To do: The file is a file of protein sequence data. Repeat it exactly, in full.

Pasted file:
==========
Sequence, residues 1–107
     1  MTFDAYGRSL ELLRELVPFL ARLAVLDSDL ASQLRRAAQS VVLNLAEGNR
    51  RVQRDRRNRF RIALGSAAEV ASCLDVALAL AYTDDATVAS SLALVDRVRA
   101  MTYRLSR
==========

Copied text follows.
Sequence, residues 1–107
     1  MTFDAYGRSL ELLRELVPFL ARLAVLDSDL ASQLRRAAQS VVLNLAEGNR
    51  RVQRDRRNRF RIALGSAAEV ASCLDVALAL AYTDDATVAS SLALVDRVRA
   101  MTYRLSR